How is your winter break so far? Share with us your winter break stories

This winter seems much colder than all past winters. In the past couple of days, the temperature has gone down to the single digit. It’s been bitter cold.  The winter break is almost over. What have you done during the break? Tell us your stories.  Tell us your favorite Christmas present(s). Post some pictures. Share the fun.

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Chinese New Year is the longest and most important celebration in the Chinese calendar. The Chinese year 4711 begins on Feb. 10, 2013.

Chinese months are reckoned by the lunar calendar, with each month beginning on the darkest day. New Year festivities traditionally start on the first day of the month and continue until the fifteenth, when the moon is brightest.  The holiday is traditionally a time to honor household and heavenly deities as well as ancestors. It is also a time to bring family together for feasting. In China, people may take weeks of holiday from work to prepare for and celebrate the New Year.

A Charming New Year

Legend has it that in ancient times, Buddha asked all the animals to meet him on Chinese New Year. Twelve came, and Buddha named a year after each one. He announced that the people born in each animal’s year would have some of that animal’s personality. Those born in snake years are wise, charming, gregarious, introverted, generous, and smart.

Fireworks and Family Feasts

At Chinese New Year celebrations people wear red clothes, decorate with poems on red paper, and give children “lucky money” in red envelopes. Red symbolizes fire, which according to legend can drive away bad luck. The fireworks that shower the festivities are rooted in a similar ancient custom. Long ago, people in China lit bamboo stalks, believing that the crackling flames would frighten evil spirits.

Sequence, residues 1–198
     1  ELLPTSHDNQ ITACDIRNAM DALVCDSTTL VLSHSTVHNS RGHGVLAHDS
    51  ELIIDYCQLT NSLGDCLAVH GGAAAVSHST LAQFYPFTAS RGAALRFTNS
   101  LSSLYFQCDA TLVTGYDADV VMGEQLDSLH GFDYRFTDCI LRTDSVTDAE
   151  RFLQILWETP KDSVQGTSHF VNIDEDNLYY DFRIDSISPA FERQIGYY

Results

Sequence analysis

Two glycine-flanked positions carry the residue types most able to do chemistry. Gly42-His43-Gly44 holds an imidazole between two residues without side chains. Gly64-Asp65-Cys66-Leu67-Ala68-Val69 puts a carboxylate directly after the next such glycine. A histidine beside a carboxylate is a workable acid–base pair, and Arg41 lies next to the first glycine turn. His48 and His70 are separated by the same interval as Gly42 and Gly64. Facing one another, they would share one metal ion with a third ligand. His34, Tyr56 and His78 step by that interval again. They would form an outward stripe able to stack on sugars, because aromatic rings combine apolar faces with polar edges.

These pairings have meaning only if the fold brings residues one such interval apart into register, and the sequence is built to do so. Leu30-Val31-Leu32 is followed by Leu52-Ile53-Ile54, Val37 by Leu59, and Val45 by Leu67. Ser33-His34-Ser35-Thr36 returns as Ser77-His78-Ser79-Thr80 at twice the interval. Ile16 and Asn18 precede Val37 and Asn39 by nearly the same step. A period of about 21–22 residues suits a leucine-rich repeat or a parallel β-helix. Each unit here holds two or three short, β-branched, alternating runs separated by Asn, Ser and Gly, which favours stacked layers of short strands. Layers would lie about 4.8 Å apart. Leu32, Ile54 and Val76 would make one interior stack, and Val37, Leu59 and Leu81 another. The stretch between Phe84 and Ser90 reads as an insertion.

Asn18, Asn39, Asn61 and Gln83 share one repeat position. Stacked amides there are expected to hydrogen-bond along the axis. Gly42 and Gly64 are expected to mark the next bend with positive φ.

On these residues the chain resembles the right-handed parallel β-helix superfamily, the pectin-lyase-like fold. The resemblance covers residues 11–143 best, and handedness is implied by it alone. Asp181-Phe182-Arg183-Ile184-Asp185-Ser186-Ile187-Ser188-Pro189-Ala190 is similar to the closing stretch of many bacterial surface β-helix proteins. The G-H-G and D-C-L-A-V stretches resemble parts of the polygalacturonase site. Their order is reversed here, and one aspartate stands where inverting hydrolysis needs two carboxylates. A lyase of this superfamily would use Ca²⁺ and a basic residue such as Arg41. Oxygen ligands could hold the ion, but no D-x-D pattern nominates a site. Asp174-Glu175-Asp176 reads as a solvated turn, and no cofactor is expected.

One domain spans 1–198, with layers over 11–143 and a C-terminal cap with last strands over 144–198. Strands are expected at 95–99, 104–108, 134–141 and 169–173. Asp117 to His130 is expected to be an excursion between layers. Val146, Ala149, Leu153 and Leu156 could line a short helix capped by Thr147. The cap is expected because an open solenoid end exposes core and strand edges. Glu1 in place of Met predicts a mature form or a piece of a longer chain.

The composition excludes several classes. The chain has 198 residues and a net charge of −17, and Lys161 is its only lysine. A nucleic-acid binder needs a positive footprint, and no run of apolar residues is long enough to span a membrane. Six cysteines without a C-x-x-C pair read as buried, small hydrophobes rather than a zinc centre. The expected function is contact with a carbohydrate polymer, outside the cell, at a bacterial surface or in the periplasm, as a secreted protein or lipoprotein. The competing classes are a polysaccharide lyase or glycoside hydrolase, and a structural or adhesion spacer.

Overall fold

The Lantern Festival

In China, the New Year is a time of family reunion. Family members gather at each other’s homes for visits and shared meals, most significantly a feast on New Year’s Eve. In the United States, however, many early Chinese immigrants arrived without their families, and found a sense of community through neighborhood associations instead. Today, many Chinese-American neighborhood associations host banquets and other New Year events.

The lantern festival is held on the fifteenth day of the first lunar month. Some of the lanterns may be works of art, painted with birds, animals, flowers, zodiac signs, and scenes from legend and history. People hang glowing lanterns in temples, and carry lanterns to an evening parade under the light of the full moon.

In many areas the highlight of the lantern festival is the dragon dance. The dragon—which might stretch a hundred feet long—is typically made of silk, paper, and bamboo. Traditionally the dragon is held aloft by young men who dance as they guide the colorful beast through the streets. In the United States, where the New Year is celebrated with a shortened schedule, the dragon dance always takes place on a weekend. In addition, many Chinese-American communities have added American parade elements such as marching bands and floats.

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NAILS IN THE FENCE
Happy Mid-Autumn Festival 祝你中秋节快乐!
Confession of a (Nonfiction) Writer
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For Mars Rover, Curiosity Is The Limit
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